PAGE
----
Garden care can be an enjoyable DIY job when you have the necessary skills and physical ability. But, for those who cannot devote adequate quality time to tend for the garden, hiring professional lawn service providers is the best solution. Remember that professional lawn service providers bring a wealth of knowledge and experience to the table. They understand the type of soil, plants that are best suited for your garden and layout that best suits your garden.
A major measure that will aid a healthy garden during winter is cleaning up the rotting and finished plants. By removing these old plants you are not only tidying up the garden, but also preventing spread of pests, diseases and fungi. Once the old plants are removed, you can bury them (if they are free from diseases) and prevent most of the garden pests spreading during the spring days. Further, by burying the spent plans, you are also improving soil health through organic matter.
Pruning is helpful for removing dead plant and promoting growth of the larger shoots for the upcoming growth season. While pruning the flowering trees and shrubs, you should prune the summer and autumn flowering trees and shrubs during early spring or late winter. You can also prune them when the flowers start fading.
For the deciduous plants pruning for re-growth in spring should be undertaken since most of them remain dormant or inactive during the winter days. Further, it is easier for you to comprehend the shape since the foliage of the plants is gone. The following measures will ensure best results:-
* Start pruning the dead or diseased branches
* Choose a dry day for pruning
* Remove the overgrown and smaller branches at the crown of the tree/plant so that it gets more light and air
* Don’t prune of branches that are critical for the structure of the tree and are still developing.
* Cut branches at the point where a branch or a twig is attached to the other.
By design, perennials can grow back every year even after the winter days. Like bears, the perennials also move into hibernation and get back brighter after a good amount of rest. However, it is important that you understand each perennial since the winter impacts different plants differently. When it comes to preparing for the winter, it gets pretty easy with the perennials since they just need small amount of mulching and cutting back to afford protection from winter. But, for plants that are used to warm climate, you will need some additional maintenance.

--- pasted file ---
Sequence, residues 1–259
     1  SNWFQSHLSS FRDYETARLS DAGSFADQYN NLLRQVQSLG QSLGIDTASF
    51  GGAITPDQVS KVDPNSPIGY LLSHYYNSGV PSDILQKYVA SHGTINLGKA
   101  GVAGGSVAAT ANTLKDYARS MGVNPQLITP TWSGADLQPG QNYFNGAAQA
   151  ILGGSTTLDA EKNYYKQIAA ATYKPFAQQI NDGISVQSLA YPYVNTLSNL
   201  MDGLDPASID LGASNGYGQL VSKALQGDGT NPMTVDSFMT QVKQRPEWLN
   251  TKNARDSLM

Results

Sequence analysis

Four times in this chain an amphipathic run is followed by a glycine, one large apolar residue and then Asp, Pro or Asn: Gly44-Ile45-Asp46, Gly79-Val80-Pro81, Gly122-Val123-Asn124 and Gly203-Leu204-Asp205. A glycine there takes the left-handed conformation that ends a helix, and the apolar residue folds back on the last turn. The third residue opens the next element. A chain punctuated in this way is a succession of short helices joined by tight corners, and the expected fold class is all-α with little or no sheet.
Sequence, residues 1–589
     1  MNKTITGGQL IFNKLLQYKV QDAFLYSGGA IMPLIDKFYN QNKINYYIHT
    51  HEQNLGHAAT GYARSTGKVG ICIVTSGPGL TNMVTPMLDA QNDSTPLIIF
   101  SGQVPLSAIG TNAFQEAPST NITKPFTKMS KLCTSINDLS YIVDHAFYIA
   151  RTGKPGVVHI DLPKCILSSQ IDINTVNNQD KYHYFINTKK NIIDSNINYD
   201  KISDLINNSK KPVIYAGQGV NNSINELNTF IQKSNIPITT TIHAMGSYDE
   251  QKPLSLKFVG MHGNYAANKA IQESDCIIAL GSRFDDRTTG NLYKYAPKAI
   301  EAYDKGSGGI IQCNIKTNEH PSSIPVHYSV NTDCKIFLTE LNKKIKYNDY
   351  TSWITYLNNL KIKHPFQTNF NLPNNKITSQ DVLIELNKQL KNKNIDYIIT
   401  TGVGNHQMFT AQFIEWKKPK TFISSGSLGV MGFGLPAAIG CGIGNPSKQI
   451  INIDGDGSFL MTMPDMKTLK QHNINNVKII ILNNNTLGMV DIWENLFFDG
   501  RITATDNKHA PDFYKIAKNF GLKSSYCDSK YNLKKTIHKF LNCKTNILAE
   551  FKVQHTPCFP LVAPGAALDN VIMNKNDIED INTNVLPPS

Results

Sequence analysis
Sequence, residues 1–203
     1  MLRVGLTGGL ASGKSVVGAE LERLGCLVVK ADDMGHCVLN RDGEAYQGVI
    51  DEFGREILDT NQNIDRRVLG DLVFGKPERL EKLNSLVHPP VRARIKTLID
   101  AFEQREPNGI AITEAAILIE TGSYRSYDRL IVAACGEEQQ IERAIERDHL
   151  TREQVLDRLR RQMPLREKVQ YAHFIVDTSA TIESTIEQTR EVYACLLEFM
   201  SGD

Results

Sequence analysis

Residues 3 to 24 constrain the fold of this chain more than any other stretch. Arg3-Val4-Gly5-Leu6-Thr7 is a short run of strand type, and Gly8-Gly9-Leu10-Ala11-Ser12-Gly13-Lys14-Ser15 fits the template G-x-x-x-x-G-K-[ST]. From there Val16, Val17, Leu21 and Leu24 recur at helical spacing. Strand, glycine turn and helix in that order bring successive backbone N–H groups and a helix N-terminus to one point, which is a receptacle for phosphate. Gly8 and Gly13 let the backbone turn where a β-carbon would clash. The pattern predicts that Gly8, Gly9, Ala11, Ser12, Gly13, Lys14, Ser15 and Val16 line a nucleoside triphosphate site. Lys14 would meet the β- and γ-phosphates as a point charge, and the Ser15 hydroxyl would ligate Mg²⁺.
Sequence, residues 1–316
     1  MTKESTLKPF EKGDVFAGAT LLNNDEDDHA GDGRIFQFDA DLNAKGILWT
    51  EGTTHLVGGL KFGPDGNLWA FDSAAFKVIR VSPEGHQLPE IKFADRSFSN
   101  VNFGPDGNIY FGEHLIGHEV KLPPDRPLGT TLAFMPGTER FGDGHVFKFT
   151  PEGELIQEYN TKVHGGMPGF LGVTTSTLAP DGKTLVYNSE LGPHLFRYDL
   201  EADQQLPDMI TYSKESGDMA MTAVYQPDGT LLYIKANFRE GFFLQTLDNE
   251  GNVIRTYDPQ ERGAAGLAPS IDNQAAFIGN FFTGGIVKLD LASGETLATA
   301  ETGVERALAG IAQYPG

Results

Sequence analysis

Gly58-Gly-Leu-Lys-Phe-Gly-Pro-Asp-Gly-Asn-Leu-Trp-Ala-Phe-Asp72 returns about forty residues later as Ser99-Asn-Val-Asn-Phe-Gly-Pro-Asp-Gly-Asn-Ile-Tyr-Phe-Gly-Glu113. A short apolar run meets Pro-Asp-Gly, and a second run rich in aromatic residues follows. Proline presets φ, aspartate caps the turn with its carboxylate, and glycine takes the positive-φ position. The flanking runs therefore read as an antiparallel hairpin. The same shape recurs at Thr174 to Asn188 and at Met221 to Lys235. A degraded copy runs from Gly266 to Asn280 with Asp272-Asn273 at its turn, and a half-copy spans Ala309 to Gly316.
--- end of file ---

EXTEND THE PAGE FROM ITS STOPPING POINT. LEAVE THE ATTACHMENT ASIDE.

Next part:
Preparing the Cool-Climate Shrubs and Trees
The shrubs and trees in your garden need some preparation to endure the cool climate. You can do the following to achieve this:-
* Young trees and shrubs can be transplanted to a new location in the garden during early fall
* In regions that experience sparse rainfall, the shrubs and trees should be watered deeply; particularly the evergreens before freezing temperatures impact the ground.
* Once the ground freezes, you should spread mulch upto a height of 6 inches with chopped leaves and other organic material.
* The young shrubs and trees should be fertilized if they have been standing for over an year. Old and established trees however may not need fertilizer and more so, when they are properly mulched.
Preparing Shrubs and Trees that can Adapt to Warm Climate
Some shrubs and trees can stand the warm climate and preparing these for winter is different from the treatment given to shrubs and trees for the cool climate. For the warm climate trees, you can do the following:-
* Water the avocado and citrus trees deeply so that the fruit is protected from splitting
* If you have camellias in the garden, water them regularly to protect the buds from browning and consequently dropping off. Mulching these plants with pine needles is a good idea too. To see larger blooms you can disbud the camellias.
* Tropical shrubs and trees should not be fed beyond September so that they get time to harden ahead of winter dormancy.
* Look out for injured branches on the shrubs and trees and prune them away.
Bulbs including tulips and daffodils need be planted around the onset of winter since they need significantly more time before they start blooming in spring. Cool temperature is also essential for these bulbs so that the flowering gets speeded up.
When you plant bulbs during fall, they should be soaked in warm water at least for 12 hours prior to planting and more so, with the tunicate type of bulbs that present round, enclosed or teardrop shaped bulbs. This method, however, may not be sited for lilies and similar bulbs sporting fleshy scales.
Soaking the bulbs helps in absorbing adequate water for fast growth and save you several weeks of time, particularly in northern climates. To promote blooming of the bulbs you can divide them and add fertilizer.
For bulbs with fewer flowers or no flowers at all, you can consider dividing or fertilizing them ahead of others. You may also choose bulb fertilizers with a slow-release property so that it remains effective during early spring.
Planning ahead is the key to prepare your garden for the winter days. By following the tips provided above, you can expect better yields apart from helping you enjoy a beautiful garden during the spring and summer days.
This article was written by Mack – [Arborist, Jim’s Mowing Mornington Peninsula]